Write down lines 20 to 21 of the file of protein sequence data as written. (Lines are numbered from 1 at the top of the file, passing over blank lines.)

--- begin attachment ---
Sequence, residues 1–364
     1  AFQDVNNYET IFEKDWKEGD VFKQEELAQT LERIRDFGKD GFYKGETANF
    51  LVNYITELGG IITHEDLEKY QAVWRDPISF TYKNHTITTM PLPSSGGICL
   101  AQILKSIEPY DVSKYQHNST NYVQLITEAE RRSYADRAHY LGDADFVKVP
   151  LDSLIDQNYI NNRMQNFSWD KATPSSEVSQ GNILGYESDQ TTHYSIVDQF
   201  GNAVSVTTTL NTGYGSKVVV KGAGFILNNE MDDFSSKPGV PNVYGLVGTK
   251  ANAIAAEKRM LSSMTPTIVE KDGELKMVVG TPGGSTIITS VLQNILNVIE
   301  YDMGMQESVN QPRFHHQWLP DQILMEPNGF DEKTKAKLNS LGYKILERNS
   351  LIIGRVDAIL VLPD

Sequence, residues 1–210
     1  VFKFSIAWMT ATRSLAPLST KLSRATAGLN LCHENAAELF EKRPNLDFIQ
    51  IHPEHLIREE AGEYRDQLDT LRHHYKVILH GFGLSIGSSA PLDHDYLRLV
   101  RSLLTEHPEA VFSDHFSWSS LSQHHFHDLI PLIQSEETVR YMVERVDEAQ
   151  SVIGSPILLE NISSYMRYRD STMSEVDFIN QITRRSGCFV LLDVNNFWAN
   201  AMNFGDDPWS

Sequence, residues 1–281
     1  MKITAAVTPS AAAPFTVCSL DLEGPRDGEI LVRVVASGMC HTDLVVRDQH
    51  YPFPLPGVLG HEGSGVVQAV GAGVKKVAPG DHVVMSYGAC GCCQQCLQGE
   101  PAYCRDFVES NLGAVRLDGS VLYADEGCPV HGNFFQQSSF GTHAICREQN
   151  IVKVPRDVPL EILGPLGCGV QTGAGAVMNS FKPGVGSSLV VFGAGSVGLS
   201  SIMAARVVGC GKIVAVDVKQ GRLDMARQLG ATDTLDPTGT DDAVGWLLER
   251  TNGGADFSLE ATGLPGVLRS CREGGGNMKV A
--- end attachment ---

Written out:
   151  IVKVPRDVPL EILGPLGCGV QTGAGAVMNS FKPGVGSSLV VFGAGSVGLS
   201  SIMAARVVGC GKIVAVDVKQ GRLDMARQLG ATDTLDPTGT DDAVGWLLER